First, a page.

As we can see, our Minions’ brain are now pretty full. With the Minions’ current state of knowledge, are they now in position to start choosing the members of the Answer Gang? Nope, not quite! They are still missing one key piece of information. Each of our Minions knows his importance to Mr. Query. However, before making this important decision, they will also need to be aware of each other’s importance to Mr. Query.

As you might’ve guessed, this implies that the Minions have to talk to each other for the second time! And now you know that this conversation is done through the bi-LS™ app.

The Minions during the modeling step meeting. Here, they talk to each other through bi-LS™ and share their relative importance to Mr. Query.

This bi-LS™-facilitated conversation is also known as the ‘modeling step’ and is the focus of our current article. Let’s now learn this step in detail!

Step 10. Modeling Layer

Okay, let’s leave our Minions for a while and get back to symbols and equations, shall we? It’s not that complicated, I promise!

The modeling layer is relatively simple. It consists of two layers of bi-LSTM. As mentioned above, the input to the modeling layer is G. The first bi-LSTM layer converts into 2d-by-T matrix called M1.

M1 then acts as an input to the second bi-LSTM layer, which converts it to another 2d-by-matrix called M2.

The formation of M1 and M2 from is illustrated below.

Step 10. In the modeling layer, is passed through two bi-LSTM layers to form M1 and M2.

M1 and M2 are yet another matrix representation of Context words. The difference between M1 and M2 and the previous representations of Context words are that M1 and M2 have embedded in them information about the entire Context paragraph as well as the Query.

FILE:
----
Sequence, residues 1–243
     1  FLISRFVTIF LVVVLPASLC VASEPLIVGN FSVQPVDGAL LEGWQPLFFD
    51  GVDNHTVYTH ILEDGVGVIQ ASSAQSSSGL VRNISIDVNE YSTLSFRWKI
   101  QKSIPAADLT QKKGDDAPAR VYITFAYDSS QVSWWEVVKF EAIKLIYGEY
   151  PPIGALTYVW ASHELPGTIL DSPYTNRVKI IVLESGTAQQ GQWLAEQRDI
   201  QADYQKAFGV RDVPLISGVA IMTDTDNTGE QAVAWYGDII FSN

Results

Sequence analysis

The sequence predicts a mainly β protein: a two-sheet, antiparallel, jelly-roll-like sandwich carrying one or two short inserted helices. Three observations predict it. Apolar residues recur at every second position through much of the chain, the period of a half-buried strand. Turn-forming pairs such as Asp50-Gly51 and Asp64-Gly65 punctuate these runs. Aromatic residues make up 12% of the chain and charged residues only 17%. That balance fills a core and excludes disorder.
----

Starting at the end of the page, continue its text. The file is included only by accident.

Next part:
In Minion-speak, this means that our Minions now have all the information they need to make the decision about who should be in the Answer Gang.

The “Singapore” guy now has all he needs to decide if he should join the Answer Gang.

Step 11. Output Layer

Okay, now we’ve reached the finale! Just one more step and then we’re done!

For each word in the Context, we have in our disposal two numeric vectors that encode the word’s relevance to the Query. That’s awesome! The very last thing we need is to convert these numeric vectors to two probability values so that we can compare the Query-relevance of all Context words. And this is exactly what the output layer does.

In the output layer, M1 and M2 are first vertically concatenated with to form [GM1] and [GM2]. Both [GM1] and [GM2] have a dimension of 10d-by-T.

We then obtain p1, the probability distribution of the start index over the entire Context, by the following steps:

Similarly, we obtain p2, the probability distribution of the end index, by the following steps:

The steps to get p1 and p2 are depicted in the diagram below:

Step 11. The output layer, which converts M1 and M2 to two vector of probabilities, p1 and p2.

p1 and p2 are then used to find the best Answer span. The best Answer span is simply a substring of the Context with the highest span score. The span score, in turn, is simply the product of the p1 score of the first word in that span and the p2 score of the last word in the span. We then return the span with the highest span score as our Answer.

An example will make this clear. As you know, we are currently dealing with the following Query/Context pair:

  • Context“Singapore is a small country located in Southeast Asia.” (= 9)
  • Query“Where is Singapore situated?” (J = 4)

After running this Query/Context pair through BiDAF, we obtain two probability vectors — p1 and p2 .

Each word in the Context is associated with one p1 value and one p2 value. p1 values indicate the probability of the words being the start word of the answer span. Below are the the p1 values for our example: